This means that every team has played (approximately) 40 percent of its schedule. And 40 tends to be a stellar number.
Of course, there are the obvious biblical connotations: 40 years in the desert, 40 days and 40 nights, and so on and so forth.
But there is much more to this peculiarly omnipresent digit. Shall we?
It is allegedly the age at which life begins. I don't really know what that means, but then again, if that proverb turns out to be factually accurate, then as a 23-year-old, it's probably best that I don't.
It's the number of U.S. dollars that Rachel Ray needs to enjoy three square meals (including tax, tip and sometimes even a scone) in a day's worth of travel.
It is (perhaps) the Rolling Stones' answer to how many licks it takes them to get to the center of a Tootsie Pop.
It is the number of pop songs that Casey Kasem used to play on a weekly basis on FM radios nationwide every Sunday morning. Maybe this example is kind of weak, but the dude was the voice of Shaggy from "Scooby Doo." And Shaggy was sublime.
It is not the international code for direct-dial phone calls to Zimbabwe.
But it is for Romania.
OK. So at this point, you might be asking:
1) "What does this whole 40 thing have to do with my fantasy team?"
2) "Is Dave getting somewhere with this or is has he turned into Jim Carrey from that unwatchable flick, 'The Number 23,' just rambling and babbling while showing signs of becoming slightly deranged?"
Though I am a bit offended by your overall tone and short fuse, I'll provide answers to your rhetorical questions anyway:
2) How dare you.
The number 40 has no fantasy relevance ... even for those living in Romania. Forty percent is less than one half, and if you think about it, no one really cares about the score of anything at halftime, never mind at the two-fifths mark.
So even if you are wandering aimlessly in last place in your league for what seems to be a fruitless 40-year journey, all is not lost. Sixty percent of the season remains. And let me tell you, 60 is quite stellar herself.
Brandon Morrow, RP, Mariners: Before I proceed with this blurb, I will confess that I listed Morrow as a "could" last week. I realize that if there were a board game or take-home version of "Wiretap," I would be in violation of a can't-list-same-player-in-consecutive-weeks rule. But until Milton Bradley (and for that matter, Milton Bradley) tells me otherwise, Morrow stays. With Mariners closer J.J. Putz on the shelf indefinitely with an elbow injury, expect the hard-throwing 23-year-old and his shiny 1.00 ERA to get all the saves in Seattle. This is a good thing for both his fantasy value and perhaps even for his self-esteem. So, yeah, pick him up.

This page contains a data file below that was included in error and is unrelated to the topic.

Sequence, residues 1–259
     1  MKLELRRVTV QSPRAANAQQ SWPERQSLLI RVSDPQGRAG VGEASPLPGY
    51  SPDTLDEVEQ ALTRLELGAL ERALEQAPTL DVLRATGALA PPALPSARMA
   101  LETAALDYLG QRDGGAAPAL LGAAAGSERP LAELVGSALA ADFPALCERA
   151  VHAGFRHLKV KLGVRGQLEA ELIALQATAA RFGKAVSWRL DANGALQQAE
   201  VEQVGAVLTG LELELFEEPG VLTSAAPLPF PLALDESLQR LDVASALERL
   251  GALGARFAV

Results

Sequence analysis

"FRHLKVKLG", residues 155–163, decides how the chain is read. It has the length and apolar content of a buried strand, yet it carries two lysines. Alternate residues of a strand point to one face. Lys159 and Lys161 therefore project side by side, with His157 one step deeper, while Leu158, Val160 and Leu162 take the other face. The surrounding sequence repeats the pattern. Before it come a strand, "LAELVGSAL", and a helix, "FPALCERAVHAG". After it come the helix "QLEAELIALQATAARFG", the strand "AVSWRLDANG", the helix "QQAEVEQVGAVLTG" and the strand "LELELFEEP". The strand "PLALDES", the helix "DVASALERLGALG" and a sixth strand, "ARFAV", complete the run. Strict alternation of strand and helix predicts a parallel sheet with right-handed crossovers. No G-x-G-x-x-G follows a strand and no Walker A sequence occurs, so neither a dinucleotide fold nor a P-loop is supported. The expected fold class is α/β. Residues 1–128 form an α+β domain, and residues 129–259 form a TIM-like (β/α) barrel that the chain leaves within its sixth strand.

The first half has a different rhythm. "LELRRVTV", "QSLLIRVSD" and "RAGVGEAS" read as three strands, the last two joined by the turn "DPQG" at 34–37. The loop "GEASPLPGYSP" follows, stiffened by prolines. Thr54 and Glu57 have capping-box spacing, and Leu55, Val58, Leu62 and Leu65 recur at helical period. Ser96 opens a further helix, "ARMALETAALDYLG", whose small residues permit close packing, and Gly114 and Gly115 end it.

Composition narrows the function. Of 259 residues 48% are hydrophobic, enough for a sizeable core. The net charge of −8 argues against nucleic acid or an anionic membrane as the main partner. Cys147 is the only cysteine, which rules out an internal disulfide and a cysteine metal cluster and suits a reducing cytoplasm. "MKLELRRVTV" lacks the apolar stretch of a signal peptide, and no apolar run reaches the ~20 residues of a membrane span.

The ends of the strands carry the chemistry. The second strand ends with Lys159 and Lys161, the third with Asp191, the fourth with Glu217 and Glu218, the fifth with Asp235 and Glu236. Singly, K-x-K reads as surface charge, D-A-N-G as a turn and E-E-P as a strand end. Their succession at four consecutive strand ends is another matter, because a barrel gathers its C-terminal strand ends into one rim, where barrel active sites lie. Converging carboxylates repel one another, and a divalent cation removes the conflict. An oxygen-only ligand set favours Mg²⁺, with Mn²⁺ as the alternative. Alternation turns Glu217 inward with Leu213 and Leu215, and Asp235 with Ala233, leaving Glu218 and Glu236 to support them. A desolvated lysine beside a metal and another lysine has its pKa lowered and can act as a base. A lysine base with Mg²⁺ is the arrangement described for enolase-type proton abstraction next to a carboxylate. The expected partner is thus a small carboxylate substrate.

Jorge Cantu, 3B, Marlins: Jorge Cantu is playing so well that he likely isn't even available in your league anymore. But there is a chance that he might be, and he is crushing the ball so fantastically that he deserves mention regardless. For the month, Cantu is hitting at a ridiculous .432 clip (19-for-44) with six homers, six doubles, 13 RBIs and 11 runs scored. If, by chance, this versatile feller is available on your waiver wire, the obvious remedy to this situation would be to pick him up, which you must. Remember, this is the same guy who belted 28 humdingers with Tampa Bay only three seasons ago.
Jeremy Guthrie aka The Guth, SP, Orioles: How The Guth remains on the majority of waiver wires is like a Chinese finger trap wrapped in a riddle sandwiched in a enigma blurred by one of those crazy magic-eye paintings; it's a mystery that makes no sense. His Guthness has dealt six consecutive quality starts, sporting a 2.25 ERA in that span to go with an awesome 27/8 K/BB ratio. Pusillanimous, he is not. And a flash in the pan he isn't either, considering the 2.74 ERA and 72/18 K/BB ratio he posted before last year's Midsummer Classic. So you should probably stop reading this and go pick him up.
Lastings Milledge, OF, Nationals: I don't know how many times I've been fooled by Lastings Milledge, but clearly, I'm content with getting fooled again. The mercurial outfielder continues to show flashes of brilliance peppered in with spells of inadequacy. I don't think anyone knows if he will ever be a full-fledged star, but with two homers and four RBIs over his last four starts and an eight-game hitting streak to boot, he's certainly worth a try.
Sean Gallagher, SP, Cubs: The way Sean Gallagher has been pitching lately is no laughing matter. This is not too dissimilar from the situation of stand-up comic Gallagher, who somehow has made a living sledge-hammering things, like a real-life version of one of the obedient diggers from that old-school "Dig Dug" arcade game. Anyway, the actually talented Gallagher has been dealing on the North Side lately, yielding just six earned runs over his last three starts while fanning 17 batters during that 17 2/3-inning stretch. So if strikeouts are what you crave, then (Sean) Gallagher is your man.
Dioner Navarro, C, Rays: Navarro probably deserves better than this, but he's a catcher, and that's just sometimes how it goes. Like a masked wrestler unable to break through the limelight despite silky-smooth hurricanranas and poetic dropkicks, Navarro just keeps raking under the radar. The 24-year-old backstop is batting a cool .338 for the season after finishing last year with a stellar .285-8-31 line after the All-Star break. He clearly is for real and deserves a spot on fantasy rosters over such fan favorites like Pudge Rodriguez and Jason Varitek. Plus (at least according to Baseball-Reference), he is the only player in Major League history to be named Dioner. So he has that going for him. Which is nice.